#247 Kent Ashton

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Posted 28 May 2018 - 06:42 AM

Updraft Baffles-Cozy:  Mine are not show quality but they do the job.  The metal is 6061 .025.  I use aluminum-colored RTV from the home stores as a crack sealant and to make wraps.  For the wraps and patches, make poster-board patterns, clean the fins with lacquer thinner.  Tape a layer or two of BID to your table and squeegee the RTV into it.  Cut patches of wet BID and stick them in place.  Make them a little larger than you think and trim after cure as needed with a razor knife.  Around exhausts and the alternator, make seals out of wood stove door seal as shown in the next post.  I was taking pics today and noticed I have a big curve in the silicone down near the alternator that is rising up and probably losing air.  It needs slitting to lie flat.   

 

An aluminum piece below the alternator is removable with a few screws so the alternator can be removed more easily.

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-Kent
Cozy IV N13AM-750 hrs, Long-EZ-85 hrs and sold


#248 Kent Ashton

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Posted 28 May 2018 - 06:49 AM

Duh!


Edited by Kent Ashton, 28 May 2018 - 06:52 AM.

-Kent
Cozy IV N13AM-750 hrs, Long-EZ-85 hrs and sold


#249 Kent Ashton

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Posted 28 May 2018 - 06:51 AM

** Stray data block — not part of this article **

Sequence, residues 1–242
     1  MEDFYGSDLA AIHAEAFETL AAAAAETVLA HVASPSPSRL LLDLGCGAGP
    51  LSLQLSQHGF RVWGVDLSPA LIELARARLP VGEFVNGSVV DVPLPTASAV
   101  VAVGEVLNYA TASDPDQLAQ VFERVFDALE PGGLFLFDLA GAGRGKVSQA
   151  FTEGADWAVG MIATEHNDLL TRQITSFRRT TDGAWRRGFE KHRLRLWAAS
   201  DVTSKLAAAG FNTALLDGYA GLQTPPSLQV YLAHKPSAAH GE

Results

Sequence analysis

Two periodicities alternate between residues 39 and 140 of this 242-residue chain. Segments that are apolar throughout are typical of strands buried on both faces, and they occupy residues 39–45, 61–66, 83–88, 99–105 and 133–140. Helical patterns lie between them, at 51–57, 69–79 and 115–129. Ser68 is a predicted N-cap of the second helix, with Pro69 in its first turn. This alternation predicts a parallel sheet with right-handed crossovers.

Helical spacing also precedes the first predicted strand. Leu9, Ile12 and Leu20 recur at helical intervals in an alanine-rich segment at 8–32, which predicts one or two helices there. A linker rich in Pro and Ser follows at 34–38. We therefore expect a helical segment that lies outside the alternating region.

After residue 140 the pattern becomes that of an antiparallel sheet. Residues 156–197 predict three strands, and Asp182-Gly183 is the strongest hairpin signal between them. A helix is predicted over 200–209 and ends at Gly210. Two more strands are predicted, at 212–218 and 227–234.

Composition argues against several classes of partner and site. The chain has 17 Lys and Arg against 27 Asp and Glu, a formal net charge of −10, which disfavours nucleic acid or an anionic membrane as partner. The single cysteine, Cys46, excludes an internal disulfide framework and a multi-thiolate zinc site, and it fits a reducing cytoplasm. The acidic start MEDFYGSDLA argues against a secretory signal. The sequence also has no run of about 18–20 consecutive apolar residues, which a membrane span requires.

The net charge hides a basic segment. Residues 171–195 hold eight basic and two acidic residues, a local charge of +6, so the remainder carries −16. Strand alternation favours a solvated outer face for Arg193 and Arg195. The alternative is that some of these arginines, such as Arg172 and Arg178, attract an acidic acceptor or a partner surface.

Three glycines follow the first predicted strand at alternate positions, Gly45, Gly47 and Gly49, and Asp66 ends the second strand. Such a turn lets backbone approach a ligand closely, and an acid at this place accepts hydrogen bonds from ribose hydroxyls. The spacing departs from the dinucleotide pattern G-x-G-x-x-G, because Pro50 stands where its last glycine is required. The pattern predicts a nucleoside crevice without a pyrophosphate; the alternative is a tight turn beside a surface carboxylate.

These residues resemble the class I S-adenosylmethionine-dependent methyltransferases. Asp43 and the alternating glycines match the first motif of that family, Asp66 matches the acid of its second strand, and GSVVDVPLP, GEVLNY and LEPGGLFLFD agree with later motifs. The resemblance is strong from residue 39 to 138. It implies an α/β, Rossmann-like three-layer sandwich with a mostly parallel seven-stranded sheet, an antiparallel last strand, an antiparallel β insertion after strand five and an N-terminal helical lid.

Ideas for exhaust and alternator seals.

 

See the note on my flywheel?  That has saved me a lot of cussing!

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Edited by Kent Ashton, 28 May 2018 - 06:56 AM.

-Kent
Cozy IV N13AM-750 hrs, Long-EZ-85 hrs and sold


#250 Kent Ashton

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Posted 04 June 2018 - 06:59 PM

I finally go around to making limit switches for my pitch trim.  The problem is to make something that doesn't overly complicate removing the canard.  It might have been better to attach a rod (purple line) to the traveling nut and mount the switches to the back of the instrument panel; the movement of the rod would actuate the switches.  However, I didn't have a good mount point behind the panel.  This should work OK and the canard can be removed by loosening the trim motor hose-clamp, loosing the two screw-and-nuts clamping the springs in the traveling nut and pull the nut off the spring wires.